Relationships among cavity-nesting birds, trees, and wood decay fungi pose interesting management challenges and research questions in many systems. Ornithologists need to understand the relationships between cavitynesting birds and fungi in order to understand the habitat requirements of these birds. Typically, researchers rely on fruiting body surveys to identify the fungal players in these relationships. Fruiting body surveys enable nondestructive sampling, but vastly underestimate fungal presence and diversity and may miss species of critical importance to cavity- nesting birds; thus new methods for such analyses are necessary. Here we present a novel technique to nondestructively sample the wood inside tree cavities, which produces samples that can be processed using DNA-based methods to identify fungi. We tested our method on Red-cockaded Woodpecker Picoides borealis excavations, half of which were from trees with Porodaedalea pini fruiting bodies. Using our new approach, we detected P. pini in 90% of the excavations in trees with fruiting bodies, but also in 60% of the excavations in trees without fruiting bodies and identified nine additional taxa of wood decay fungi that did not have fruiting bodies present. Our approach offers improved detection of fungi through non-destructive sampling of excavated cavities and we developed an improved primer specific to the fungal phylum that contains most wood decay fungi (Basidiomycota), thus providing managers and researchers a critical tool to better determine which fungi are important to cavity-nesting birds.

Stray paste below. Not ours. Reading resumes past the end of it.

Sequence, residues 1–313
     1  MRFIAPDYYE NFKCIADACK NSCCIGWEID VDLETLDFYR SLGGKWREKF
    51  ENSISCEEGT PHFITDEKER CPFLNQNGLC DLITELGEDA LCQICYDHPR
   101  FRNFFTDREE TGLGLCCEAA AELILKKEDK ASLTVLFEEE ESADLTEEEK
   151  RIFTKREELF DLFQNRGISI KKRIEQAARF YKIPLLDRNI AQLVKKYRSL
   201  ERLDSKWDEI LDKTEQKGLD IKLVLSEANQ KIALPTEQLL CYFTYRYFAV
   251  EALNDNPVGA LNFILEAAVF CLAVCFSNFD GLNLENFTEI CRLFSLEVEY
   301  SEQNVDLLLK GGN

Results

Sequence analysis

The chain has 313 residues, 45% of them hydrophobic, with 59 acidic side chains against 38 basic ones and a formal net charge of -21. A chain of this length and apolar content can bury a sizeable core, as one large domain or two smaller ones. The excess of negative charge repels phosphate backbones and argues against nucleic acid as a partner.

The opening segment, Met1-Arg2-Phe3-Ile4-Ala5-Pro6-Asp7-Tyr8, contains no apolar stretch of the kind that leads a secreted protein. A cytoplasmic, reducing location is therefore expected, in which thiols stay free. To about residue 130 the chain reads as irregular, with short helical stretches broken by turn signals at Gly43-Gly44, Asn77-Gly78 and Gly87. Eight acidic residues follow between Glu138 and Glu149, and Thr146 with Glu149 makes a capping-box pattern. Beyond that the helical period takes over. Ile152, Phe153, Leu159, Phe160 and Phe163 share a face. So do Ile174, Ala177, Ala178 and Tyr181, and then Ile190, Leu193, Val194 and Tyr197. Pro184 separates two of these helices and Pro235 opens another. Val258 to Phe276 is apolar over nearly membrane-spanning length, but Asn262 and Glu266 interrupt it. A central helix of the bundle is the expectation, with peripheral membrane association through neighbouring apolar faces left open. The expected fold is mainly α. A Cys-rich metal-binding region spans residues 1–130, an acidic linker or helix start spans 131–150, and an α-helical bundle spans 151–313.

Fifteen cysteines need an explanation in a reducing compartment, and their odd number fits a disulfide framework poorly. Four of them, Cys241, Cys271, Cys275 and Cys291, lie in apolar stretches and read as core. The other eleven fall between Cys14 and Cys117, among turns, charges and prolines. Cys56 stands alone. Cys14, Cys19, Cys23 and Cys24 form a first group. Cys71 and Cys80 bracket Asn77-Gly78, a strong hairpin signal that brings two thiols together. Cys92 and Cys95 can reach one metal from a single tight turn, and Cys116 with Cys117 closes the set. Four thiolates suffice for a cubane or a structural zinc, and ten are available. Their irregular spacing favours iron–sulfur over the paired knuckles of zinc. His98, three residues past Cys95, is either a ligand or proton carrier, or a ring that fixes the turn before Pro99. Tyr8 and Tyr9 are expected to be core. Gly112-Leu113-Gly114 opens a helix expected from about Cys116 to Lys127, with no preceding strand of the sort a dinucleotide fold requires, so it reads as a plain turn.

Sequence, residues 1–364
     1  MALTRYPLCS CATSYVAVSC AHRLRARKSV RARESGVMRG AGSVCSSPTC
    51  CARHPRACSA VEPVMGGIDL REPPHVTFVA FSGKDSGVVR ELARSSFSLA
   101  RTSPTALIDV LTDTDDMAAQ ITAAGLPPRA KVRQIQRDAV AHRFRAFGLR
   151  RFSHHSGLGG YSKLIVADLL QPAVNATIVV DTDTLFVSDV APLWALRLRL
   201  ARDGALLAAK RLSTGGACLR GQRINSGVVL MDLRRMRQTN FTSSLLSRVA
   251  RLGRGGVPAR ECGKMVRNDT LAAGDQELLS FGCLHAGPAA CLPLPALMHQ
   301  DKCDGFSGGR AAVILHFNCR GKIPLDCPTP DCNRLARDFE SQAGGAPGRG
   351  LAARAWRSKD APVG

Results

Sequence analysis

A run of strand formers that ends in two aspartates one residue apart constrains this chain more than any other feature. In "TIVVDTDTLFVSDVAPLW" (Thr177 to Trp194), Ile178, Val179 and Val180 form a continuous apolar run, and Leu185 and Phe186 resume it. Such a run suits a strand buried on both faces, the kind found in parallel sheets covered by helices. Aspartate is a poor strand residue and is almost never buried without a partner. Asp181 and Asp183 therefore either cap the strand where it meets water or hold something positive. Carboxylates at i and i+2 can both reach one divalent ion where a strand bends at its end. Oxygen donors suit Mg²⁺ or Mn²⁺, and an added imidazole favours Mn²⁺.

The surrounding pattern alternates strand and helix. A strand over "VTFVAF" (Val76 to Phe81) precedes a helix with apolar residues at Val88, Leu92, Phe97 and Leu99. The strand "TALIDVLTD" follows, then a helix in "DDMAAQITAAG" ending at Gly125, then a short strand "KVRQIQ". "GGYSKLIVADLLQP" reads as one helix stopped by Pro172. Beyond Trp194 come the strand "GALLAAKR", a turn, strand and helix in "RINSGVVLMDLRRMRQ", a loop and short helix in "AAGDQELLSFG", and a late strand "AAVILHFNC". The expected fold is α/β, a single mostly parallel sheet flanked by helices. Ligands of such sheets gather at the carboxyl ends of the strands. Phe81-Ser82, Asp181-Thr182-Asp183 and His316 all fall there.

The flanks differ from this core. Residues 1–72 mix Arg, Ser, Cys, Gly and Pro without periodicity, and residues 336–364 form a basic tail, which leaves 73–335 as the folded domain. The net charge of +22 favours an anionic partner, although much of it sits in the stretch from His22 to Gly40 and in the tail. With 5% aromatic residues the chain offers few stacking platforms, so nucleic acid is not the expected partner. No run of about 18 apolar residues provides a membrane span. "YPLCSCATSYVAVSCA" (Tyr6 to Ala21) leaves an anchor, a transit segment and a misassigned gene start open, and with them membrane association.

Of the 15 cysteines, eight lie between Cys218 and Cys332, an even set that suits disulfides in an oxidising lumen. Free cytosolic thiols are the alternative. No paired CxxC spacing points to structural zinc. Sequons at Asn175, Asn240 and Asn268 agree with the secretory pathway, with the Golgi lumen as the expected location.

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Vol. 49 • No. 2